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Is the Investment-Uncertainty Link Really Elusive? The Harmful Effects of Inflation Uncertainty in Brazil

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  • Tito Nícias Teixeira da Silva Filho

After being one the fastest growing countries in the world during the 1940-80 period, with an average growth rate of 6.8%, Brazil has experienced a severe growth slowdown since the 1980s, which coincided with the steep rise in inflation as of 1980. At the same time, real investment rates have plunged, shrinking around nine percentage points just in the 1980s. Moreover, they were unable to recover their 1989 level afterwards. This is unexpected as several pro-growth reforms took place since 1990, such as trade liberalization, privatization and economic stabilization. More strikingly, in the ten years following the stabilization of the economy, real investment rates have being at their lowest levels for, at least, fifty years. One major factor that could help explaining this dismal behavior is inflation uncertainty, which have remained high despite much lower inflation since 1994. Indeed, inflation uncertainty is at the root as many types of uncertainties faced by firms. For example, it also means uncertainty about future interest rates and demand. This work aims both at uncovering the main determinants that have driven M&E investment in Brazil since 1980 and testing the link between inflation uncertainty and investment. The evidence strongly suggests that inflation uncertainty has been an important investment deterrent in Brazil, both in the short and long runs. Moreover, its effects were found to be asymmetric. Also, despite the limited role played by price variables in empirical studies of investment, the real interest rate, itself importantly affected by inflation uncertainty and inflation risk premium, seems to be another key factor in explaining low investment rates in Brazil.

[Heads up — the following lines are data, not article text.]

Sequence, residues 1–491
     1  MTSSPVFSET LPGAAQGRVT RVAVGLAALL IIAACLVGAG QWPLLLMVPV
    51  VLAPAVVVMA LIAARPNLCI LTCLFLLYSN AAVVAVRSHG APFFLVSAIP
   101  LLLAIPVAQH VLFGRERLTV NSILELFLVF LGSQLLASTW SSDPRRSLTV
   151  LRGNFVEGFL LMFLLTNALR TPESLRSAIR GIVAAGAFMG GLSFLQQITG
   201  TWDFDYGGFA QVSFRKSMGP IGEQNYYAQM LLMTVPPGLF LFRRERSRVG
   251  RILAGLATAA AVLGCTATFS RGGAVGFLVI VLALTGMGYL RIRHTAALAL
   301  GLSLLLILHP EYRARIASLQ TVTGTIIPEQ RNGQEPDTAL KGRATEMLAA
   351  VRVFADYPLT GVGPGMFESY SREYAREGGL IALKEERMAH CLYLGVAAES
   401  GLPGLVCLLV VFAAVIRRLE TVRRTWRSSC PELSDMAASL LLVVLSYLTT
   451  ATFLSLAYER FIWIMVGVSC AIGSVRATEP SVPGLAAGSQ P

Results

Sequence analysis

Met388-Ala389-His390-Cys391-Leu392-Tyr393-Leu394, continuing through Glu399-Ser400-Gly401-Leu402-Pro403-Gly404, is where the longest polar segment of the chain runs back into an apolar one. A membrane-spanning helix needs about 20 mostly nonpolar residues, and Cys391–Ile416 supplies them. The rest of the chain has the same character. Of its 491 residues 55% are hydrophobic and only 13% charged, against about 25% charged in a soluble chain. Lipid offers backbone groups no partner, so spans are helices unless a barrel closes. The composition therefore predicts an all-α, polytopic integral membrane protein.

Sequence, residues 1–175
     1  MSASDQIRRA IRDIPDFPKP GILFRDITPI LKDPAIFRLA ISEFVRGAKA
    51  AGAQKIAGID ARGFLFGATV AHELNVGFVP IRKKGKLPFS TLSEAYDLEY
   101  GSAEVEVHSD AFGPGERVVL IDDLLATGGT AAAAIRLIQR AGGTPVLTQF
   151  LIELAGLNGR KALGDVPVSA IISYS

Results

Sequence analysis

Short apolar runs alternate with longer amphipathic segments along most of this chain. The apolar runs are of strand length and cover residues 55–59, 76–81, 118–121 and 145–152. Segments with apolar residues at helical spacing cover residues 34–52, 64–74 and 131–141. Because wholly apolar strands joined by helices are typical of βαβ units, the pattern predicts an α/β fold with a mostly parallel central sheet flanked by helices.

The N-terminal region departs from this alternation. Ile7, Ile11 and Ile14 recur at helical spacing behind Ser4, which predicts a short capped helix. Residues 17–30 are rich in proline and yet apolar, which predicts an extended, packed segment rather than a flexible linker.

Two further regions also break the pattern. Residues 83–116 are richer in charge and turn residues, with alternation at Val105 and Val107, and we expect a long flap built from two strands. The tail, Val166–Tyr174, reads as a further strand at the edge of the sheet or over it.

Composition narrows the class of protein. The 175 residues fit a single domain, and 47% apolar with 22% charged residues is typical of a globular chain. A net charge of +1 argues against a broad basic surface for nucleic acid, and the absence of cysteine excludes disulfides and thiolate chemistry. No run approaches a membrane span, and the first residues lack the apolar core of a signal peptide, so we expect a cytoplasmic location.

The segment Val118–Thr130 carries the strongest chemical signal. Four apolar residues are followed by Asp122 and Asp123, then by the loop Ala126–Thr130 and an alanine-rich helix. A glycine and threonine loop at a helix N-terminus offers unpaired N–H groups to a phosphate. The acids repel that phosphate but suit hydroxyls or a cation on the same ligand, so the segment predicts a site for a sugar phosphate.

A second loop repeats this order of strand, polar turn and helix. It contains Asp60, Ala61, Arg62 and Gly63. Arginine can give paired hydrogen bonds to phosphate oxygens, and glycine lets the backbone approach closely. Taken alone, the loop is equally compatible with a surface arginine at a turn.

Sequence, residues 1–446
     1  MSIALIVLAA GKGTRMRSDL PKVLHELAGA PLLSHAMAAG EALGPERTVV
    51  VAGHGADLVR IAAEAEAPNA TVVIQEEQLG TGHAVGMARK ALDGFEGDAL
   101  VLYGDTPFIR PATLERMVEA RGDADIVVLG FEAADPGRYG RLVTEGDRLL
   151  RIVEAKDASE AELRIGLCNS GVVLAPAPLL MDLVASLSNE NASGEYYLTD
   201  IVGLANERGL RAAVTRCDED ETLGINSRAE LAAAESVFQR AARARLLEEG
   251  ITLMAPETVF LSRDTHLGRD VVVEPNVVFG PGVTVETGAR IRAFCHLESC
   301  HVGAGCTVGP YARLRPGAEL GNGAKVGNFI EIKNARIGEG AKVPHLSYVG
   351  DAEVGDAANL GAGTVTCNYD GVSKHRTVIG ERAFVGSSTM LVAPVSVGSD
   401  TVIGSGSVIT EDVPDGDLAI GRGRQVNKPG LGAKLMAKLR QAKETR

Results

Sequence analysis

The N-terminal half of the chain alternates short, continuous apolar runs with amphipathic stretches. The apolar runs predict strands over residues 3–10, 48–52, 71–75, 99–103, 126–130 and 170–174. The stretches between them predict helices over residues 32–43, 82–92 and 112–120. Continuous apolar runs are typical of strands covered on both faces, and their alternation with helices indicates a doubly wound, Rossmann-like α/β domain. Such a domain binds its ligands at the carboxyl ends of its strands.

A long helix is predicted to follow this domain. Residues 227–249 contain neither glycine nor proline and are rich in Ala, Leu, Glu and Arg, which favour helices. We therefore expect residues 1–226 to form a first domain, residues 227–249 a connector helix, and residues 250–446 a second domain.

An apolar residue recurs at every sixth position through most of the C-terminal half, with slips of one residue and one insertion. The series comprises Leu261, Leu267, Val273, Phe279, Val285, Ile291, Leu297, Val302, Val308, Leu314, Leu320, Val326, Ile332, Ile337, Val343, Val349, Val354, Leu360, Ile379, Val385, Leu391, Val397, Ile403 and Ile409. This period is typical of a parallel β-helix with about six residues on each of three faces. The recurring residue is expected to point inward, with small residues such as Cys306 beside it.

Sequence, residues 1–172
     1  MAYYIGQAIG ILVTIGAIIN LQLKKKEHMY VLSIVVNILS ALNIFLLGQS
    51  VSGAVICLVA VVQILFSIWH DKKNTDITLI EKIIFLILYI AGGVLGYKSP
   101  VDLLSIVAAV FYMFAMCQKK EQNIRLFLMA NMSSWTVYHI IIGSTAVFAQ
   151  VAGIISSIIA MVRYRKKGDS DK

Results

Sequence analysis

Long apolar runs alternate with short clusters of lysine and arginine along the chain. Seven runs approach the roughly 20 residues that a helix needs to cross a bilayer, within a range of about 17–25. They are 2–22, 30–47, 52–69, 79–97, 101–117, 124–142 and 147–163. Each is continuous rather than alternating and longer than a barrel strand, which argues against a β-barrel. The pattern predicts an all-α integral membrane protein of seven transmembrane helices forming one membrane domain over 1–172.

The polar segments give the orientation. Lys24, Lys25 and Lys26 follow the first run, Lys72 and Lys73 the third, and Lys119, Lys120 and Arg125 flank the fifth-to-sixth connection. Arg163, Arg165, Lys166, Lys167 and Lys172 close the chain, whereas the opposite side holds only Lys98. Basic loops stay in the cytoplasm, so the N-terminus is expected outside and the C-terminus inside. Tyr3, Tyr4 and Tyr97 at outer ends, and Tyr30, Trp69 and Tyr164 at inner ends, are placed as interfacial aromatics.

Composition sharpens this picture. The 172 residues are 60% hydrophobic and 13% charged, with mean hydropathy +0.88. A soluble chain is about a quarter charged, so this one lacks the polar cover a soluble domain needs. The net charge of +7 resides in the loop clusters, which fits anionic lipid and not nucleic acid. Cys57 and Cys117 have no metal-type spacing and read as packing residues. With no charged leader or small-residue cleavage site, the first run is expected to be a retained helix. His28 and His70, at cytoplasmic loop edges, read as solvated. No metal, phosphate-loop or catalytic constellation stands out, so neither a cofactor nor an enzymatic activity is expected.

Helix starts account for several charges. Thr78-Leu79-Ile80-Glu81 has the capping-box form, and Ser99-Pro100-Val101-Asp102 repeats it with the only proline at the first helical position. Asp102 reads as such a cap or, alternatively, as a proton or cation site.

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Paper provided by Central Bank of Brazil, Research Department in its series Working Papers Series with number 157.

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Date of creation: Dec 2007
Handle: RePEc:bcb:wpaper:157
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